Alberta universities plan to do away with dormitory residences during COVID-19 pandemic

Dorm rooms will not be offered at the University of Calgary, the University of Alberta and the University of Lethbridge this fall to allow for better physical distancing due to COVID-19 — but that means students will have to shell out $2,000 to $3,000 more for available options.

First-year students who would normally stay in dorms will have to pay $2,000-3,000 more for other lodgings

The University of Calgary and the University of Alberta are among the schools making changes in their residences in case COVID-19 restrictions remain in place this fall. (David Bell/CBC/University of Alberta)

First-year University of Calgary students who were destined for dormitory-style residences will now be moved to apartment-style residences to allow for better physical distancing due to COVID-19 — but the move comes with a price increase of $3,000.

The University of Alberta and the University of Lethbridge have also decided not to offer dorm-style rooms this coming year, only offering shared apartments or single rooms with bathrooms at about $2,000 more a year on average than the cheaper accommodations.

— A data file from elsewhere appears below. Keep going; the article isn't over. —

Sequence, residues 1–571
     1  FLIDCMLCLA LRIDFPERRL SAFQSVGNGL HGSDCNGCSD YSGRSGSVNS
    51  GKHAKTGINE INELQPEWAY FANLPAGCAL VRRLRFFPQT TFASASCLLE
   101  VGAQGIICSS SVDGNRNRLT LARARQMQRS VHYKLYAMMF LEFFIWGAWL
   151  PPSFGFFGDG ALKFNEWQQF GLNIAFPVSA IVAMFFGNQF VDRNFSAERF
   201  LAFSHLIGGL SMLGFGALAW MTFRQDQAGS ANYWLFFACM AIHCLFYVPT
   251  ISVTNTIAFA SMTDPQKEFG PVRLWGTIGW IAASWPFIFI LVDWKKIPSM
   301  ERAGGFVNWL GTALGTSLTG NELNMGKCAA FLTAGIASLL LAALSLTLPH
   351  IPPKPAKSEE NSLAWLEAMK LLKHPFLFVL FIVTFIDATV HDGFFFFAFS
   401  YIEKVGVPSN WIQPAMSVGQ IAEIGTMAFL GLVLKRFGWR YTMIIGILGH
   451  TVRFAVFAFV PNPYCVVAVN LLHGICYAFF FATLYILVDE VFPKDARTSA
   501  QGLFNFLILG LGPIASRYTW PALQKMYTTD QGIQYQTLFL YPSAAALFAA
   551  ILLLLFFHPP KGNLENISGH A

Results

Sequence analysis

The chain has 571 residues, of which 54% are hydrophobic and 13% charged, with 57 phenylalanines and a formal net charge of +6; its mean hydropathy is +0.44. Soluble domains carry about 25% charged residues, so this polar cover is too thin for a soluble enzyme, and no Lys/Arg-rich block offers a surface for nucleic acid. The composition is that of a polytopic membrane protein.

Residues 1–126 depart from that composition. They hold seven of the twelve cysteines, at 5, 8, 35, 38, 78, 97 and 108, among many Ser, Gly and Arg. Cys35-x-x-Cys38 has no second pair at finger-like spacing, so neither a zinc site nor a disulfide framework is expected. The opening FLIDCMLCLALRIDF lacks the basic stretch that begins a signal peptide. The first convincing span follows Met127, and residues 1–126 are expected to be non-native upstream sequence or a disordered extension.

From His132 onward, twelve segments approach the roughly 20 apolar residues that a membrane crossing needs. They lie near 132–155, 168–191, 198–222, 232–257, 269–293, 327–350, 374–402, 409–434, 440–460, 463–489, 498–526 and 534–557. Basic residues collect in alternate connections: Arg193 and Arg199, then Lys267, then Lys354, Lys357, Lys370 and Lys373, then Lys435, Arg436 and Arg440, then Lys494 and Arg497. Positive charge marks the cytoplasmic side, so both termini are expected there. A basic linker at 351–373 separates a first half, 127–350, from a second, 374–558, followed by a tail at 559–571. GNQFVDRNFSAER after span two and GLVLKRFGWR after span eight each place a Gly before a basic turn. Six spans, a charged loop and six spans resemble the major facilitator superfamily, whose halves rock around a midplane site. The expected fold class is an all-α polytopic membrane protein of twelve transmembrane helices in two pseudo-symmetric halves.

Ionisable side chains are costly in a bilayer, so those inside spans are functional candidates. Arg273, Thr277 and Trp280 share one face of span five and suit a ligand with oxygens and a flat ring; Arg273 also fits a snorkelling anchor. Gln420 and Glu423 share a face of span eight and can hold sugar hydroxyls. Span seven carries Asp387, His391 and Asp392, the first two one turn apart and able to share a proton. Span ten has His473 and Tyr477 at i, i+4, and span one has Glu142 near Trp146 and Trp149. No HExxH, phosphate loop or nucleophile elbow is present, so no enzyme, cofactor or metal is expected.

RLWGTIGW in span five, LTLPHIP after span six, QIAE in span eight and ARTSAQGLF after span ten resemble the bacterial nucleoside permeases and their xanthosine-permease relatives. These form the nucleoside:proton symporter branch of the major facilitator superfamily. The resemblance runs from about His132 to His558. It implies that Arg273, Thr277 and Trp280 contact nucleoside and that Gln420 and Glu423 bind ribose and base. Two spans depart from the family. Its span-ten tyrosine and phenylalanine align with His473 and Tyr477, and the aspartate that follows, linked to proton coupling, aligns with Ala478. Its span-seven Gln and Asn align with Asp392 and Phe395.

The University of Calgary's website says it has chosen not to use traditional dormitory-style residences this fall because of the shared washroom facilities, and that first-year student communities would be established in buildings with two and three-bedroom suites.

"You can expect a rate increase of about $3,000 for the academic year, compared to a traditional double room," the website reads. It adds a meal plan is not included.

"We understand this may cause some challenges. However, the new room assignments are in place to maintain everyone's health and safety while staying with us."

Despite the move, it remains mandatory for first-year students living in residence at the U of C to purchase a meal plan.

Assad Ali Bik, student union (SU) vice-president of student life, said the increase in cost to students is why the SU is advocating for emergency funding — especially for first-year students.

The U of C did not make anyone available for an interview but asked CBC News to check back for updates in July.

"Maintaining the safety of students living in residence is a priority of the University of Calgary," the university said in a statement.

"Residence Services is currently exploring various options to house students, including residence life programming, adhering to [the] Alberta government's re-opening rules and guidelines."

Esther Nwafor has lived in multiple U of C residences and moved out in June after experiencing persistent internet issues brought on by a shortage of IT staffing.

She said life in residence has become lonely during the pandemic. 

"I would probably not stay in residence if I was a first-year student right now," she said.